The Republican Party resembles the man who told his psychiatrist, "I have an identity problem, and so do I." The party's leader is at best indifferent to, and often is hostile to, much of the party's recent catechism: limited government, the rule of law, a restrained executive, fiscal probity, entitlement reforms, free trade, the general efficiency and equity of markets allocating wealth and opportunity, and -- this matters especially -- the importance of decorousness in political discourse.
As the presidential campaigns sink to the challenge of demonstrating that there is no such thing as rock bottom, remember this: When the Clintons decamped from Washington in January 2001, they took some White House furnishings that were public property. They also finished accepting more than $190,000 in gifts, including two coffee tables and two chairs, a $7,375 gratuity from Denise Rich, whose fugitive former husband had been pardoned in President Clinton's final hours.
In 49 states, when you order breakfast in a restaurant you might be asked if you would like pancakes or an omelet. In Wisconsin, you are asked if you would like pancakes with your omelet. Ron Johnson would, thank you. This Republican U.S. senator, who is burning prodigious amounts of calories campaigning for a second and final term, really does represent the hearty eaters who were fueling up at a Perkins restaurant here on a recent Sunday morning.
A specter is haunting academia, the specter of specters -- ghosts, goblins and "cultural appropriation" through insensitive Halloween costumes. Institutions of higher education are engaged in the low comedy of avoiding the agonies of Yale.
Another small step was taken last week on the steep and winding ascent back to constitutional norms. The U.S. Court of Appeals for the D.C. Circuit, the nation's second-most important court, did its judicial duty by reprimanding Congress for abandoning constitutional propriety.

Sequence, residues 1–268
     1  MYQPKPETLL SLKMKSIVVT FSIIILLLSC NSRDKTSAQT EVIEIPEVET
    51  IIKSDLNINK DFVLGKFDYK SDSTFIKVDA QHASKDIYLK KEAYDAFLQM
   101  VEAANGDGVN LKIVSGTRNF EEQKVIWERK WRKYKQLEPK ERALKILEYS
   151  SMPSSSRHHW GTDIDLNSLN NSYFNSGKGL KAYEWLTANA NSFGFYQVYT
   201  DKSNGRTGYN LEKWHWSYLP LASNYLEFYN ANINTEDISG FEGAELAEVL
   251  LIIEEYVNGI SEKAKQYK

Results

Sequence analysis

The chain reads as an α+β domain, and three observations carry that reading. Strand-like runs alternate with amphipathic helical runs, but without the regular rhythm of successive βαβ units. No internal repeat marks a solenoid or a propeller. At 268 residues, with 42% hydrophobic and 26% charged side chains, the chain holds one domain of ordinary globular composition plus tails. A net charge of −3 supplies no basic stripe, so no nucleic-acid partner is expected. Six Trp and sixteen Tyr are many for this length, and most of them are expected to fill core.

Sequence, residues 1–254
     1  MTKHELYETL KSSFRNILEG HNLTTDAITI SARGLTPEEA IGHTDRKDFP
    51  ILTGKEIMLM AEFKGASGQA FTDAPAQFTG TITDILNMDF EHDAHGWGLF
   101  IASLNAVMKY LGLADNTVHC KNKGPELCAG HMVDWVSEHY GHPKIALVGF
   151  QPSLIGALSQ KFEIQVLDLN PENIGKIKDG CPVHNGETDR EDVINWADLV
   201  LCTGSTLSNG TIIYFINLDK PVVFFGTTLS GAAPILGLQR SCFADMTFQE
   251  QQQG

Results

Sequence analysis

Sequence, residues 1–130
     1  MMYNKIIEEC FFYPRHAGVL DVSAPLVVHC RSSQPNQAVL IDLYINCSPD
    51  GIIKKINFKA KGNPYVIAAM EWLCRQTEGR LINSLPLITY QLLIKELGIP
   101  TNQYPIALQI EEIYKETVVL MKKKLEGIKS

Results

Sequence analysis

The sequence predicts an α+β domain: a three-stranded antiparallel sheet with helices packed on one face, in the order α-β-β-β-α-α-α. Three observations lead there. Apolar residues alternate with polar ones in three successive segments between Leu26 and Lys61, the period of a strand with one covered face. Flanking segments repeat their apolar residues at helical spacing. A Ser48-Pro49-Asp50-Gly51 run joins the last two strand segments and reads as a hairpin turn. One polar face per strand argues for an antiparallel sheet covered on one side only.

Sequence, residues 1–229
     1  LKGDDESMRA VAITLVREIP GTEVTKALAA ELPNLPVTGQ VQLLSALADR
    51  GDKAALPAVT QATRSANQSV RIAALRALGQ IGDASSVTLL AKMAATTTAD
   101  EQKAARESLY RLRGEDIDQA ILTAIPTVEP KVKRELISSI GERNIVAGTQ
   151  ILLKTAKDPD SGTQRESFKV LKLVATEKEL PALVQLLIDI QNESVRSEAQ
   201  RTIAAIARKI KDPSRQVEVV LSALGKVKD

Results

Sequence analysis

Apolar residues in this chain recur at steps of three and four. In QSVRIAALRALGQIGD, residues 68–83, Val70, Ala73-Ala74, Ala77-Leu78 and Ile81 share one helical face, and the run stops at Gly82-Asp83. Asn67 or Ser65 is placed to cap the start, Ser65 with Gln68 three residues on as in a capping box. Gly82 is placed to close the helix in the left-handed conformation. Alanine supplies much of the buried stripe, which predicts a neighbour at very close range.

"Freedom's just another word for nothin' left to lose."
-- "Me and Bobby McGee"
Vladimir Putin's serial humiliations of America's bewildered secretary of state regarding Syria indicate Putin's determination to destabilize the world. Here is an even more ominous indication of events moving his way: On just one day last week, Italian ships plucked 6,055 migrants from the Mediterranean.
Looking on the bright side, perhaps this election can teach conservatives to look on the dark side. They need a talent for pessimism, recognizing the signs that whatever remains of American exceptionalism does not immunize this nation from decay, to which all regimes are susceptible.
Here on the High Plains, where the deer and the antelope once played, Denver's suburbs roam toward the Rockies' front range and the nature of today's polyglot politics is written in the local congressman's campaign schedule.
Technology has put powerful computers in billions of pockets, but an invention much more mundane than the smartphone -- the shipping container: a rectangular steel box -- also has changed the world. Because of it, two of today's preoccupations -- infrastructure and globalization -- are connected by a chain of events that began more than 60 years ago and today runs through Congress and to the wharves of Charleston's booming port.